Editor’s note: Watch the whole thing. With sound. Don’t skip around. Just let it play, or else you’re missing out.

Aging is fascinating thing to document in film and photography, from Noah Kalina’s 12+ year portrait a day project to Diego Goldberg’s family portrait series that began in 1976, it’s interesting to see how many different approaches there are. This new clip titled Danielle from filmmaker Anthony Cerniello tries something I’ve never seen before and packs an amazing punch.

Last Thanksgiving, Cerniello traveled to his friend Danielle’s family reunion and with still photographer Keith Sirchio shot portraits of her youngest cousins through to her oldest relatives with a Hasselblad medium format camera. Then began the process of scanning each photo with a drum scanner at the U.N. in New York, at which point he carefully edited the photos to select the family members that had the most similar bone structure. Next he brought on animators Nathan Meier and Edmund Earle who worked in After Effects and 3D Studio Max to morph and animate the still photos to make them lifelike as possible. Finally, Nuke (a kind of 3D visual effects software) artist George Cuddy was brought on to smooth out some small details like the eyes and hair.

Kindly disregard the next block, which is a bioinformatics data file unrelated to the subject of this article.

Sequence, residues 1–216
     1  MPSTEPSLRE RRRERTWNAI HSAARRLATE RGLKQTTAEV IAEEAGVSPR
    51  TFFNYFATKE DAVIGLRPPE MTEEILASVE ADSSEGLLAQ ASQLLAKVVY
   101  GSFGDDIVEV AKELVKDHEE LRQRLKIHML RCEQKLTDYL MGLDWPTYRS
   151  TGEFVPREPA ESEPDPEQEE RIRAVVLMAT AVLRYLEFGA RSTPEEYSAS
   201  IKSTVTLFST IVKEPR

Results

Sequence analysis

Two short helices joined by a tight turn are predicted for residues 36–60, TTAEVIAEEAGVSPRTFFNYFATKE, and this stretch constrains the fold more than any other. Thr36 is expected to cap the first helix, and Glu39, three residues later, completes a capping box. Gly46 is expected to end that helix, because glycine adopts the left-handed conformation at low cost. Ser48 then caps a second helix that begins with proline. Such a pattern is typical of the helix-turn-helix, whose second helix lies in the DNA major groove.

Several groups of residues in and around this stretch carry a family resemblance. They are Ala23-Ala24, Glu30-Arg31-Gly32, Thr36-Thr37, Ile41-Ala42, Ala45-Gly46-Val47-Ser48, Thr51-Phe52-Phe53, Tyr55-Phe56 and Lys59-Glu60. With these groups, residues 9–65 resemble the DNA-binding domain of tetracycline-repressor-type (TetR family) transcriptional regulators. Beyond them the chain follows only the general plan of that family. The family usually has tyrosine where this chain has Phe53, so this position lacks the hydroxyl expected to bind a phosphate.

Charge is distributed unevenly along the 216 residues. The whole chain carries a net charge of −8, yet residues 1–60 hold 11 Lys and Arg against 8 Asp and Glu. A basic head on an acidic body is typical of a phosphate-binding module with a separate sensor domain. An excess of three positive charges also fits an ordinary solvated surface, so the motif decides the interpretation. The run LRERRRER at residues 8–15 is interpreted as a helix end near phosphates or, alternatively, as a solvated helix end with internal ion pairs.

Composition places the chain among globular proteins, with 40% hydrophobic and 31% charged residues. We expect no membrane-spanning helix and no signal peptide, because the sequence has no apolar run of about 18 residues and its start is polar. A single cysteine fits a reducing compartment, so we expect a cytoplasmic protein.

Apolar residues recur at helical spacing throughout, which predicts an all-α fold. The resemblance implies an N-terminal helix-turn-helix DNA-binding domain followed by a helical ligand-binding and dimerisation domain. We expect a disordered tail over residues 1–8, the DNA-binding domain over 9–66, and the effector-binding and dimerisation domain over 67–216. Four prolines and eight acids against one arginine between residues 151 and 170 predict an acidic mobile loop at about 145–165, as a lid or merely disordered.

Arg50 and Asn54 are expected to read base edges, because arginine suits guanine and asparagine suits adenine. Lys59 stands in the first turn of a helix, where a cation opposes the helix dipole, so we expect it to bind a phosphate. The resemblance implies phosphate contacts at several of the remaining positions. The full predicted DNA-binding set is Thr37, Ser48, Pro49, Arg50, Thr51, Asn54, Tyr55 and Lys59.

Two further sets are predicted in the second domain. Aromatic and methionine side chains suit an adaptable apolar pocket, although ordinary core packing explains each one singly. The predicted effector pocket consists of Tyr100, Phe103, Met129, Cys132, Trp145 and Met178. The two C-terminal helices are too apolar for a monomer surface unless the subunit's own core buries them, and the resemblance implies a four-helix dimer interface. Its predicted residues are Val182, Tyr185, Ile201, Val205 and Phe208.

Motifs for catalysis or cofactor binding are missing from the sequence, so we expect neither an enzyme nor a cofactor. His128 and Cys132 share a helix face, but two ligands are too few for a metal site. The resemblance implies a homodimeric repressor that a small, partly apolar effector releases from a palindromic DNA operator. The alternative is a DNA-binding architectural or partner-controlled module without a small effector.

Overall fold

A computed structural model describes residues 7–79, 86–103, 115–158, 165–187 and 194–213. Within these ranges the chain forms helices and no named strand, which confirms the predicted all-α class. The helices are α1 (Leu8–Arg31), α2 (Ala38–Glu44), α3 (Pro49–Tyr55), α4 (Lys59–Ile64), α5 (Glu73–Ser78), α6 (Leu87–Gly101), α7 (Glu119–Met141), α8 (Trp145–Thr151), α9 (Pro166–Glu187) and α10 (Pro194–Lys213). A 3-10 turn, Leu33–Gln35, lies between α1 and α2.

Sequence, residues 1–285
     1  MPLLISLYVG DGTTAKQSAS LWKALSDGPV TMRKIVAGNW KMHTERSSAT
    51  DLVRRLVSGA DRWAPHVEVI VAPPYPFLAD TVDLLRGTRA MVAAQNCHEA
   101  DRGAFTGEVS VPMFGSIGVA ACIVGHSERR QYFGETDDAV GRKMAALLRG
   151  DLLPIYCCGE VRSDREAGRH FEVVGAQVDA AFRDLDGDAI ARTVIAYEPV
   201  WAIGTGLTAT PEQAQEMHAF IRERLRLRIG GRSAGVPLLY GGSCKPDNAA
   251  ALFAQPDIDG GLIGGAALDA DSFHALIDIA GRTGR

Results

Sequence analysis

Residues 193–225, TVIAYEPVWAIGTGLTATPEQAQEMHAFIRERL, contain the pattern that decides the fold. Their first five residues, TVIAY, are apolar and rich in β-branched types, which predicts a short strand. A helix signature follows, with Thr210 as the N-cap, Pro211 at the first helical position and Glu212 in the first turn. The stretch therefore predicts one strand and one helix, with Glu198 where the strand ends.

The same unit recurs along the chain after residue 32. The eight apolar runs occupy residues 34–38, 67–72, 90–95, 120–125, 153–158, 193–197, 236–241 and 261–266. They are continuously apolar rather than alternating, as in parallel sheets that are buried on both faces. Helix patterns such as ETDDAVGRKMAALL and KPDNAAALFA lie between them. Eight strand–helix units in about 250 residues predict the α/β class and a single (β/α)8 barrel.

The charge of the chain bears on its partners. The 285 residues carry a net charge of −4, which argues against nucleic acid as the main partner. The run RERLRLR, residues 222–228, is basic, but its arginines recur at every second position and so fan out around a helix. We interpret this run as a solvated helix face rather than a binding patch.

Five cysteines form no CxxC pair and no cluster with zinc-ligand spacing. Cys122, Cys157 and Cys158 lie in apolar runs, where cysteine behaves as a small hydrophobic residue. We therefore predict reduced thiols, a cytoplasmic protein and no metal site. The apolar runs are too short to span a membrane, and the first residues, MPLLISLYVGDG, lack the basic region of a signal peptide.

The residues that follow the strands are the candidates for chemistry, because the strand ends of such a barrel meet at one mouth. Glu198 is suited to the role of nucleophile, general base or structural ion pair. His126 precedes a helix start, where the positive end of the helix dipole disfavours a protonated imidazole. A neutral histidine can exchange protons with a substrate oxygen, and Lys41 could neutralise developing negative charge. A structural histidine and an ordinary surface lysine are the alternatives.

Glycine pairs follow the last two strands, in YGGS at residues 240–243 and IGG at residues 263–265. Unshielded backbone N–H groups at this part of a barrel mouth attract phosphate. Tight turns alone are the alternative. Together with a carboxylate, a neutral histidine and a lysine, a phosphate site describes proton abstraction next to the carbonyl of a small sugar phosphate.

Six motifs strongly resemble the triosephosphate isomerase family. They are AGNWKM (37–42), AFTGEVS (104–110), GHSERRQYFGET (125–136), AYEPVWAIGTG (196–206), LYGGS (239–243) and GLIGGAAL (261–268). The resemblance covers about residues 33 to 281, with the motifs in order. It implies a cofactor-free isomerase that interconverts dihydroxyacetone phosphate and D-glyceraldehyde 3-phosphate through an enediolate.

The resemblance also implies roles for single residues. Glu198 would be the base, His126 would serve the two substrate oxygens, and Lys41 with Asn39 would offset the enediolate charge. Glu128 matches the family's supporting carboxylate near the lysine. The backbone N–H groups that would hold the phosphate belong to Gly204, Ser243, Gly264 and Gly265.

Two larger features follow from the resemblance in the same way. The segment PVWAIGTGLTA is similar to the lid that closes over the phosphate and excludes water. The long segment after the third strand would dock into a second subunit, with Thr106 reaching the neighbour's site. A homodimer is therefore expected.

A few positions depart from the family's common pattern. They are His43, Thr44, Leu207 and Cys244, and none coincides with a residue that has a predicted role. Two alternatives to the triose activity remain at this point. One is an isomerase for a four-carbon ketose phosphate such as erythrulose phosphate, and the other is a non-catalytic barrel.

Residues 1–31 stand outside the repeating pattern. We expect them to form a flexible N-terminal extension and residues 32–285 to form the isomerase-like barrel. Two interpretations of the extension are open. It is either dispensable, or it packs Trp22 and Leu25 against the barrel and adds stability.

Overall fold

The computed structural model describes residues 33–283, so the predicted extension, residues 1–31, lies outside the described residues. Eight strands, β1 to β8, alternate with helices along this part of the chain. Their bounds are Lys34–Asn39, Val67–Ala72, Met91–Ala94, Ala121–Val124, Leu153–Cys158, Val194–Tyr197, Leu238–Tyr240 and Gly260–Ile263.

The final result is pretty remarkable, if a little bizarre. Not quite out of the uncanny valley, and yet pause the movie at any moment and it feels like you’re looking at a plain portrait. While it plays the transitions are just slow enough that you’re only vaguely aware anything is happening. It’s amazing as it is weird. He tells me via email:

I wanted to make a person, I felt like I could tell a story with that, but it ended up feeling slightly robotic, like an android. I’m OK with that. Things never come out the exact way you plan them, but that’s the fun. The score I imagined would tell this woman’s life, with events speeding by as she aged, but in the end I thought it would be more interesting to go with an abstract piece of sound, and my friend Mark Reveley really came through because I love how it sounds.

Cerniello normally edits commercials and music videos for the likes of 30 Seconds to Mars and Kings of Leon, you can see much more of his work over on his website.

 

 



History Photography

My Parents Were Awesome Blog Becomes a Book

November 21, 2010

Christopher Jobson

Some recent submissions to My Parents Were Awesome, a great blog where people submit photos of their parents being awesome. Soon to be a book, My Parents Were Awesome: Before Fanny Packs and Minivans, They Were People Too.

 

 

A Colossal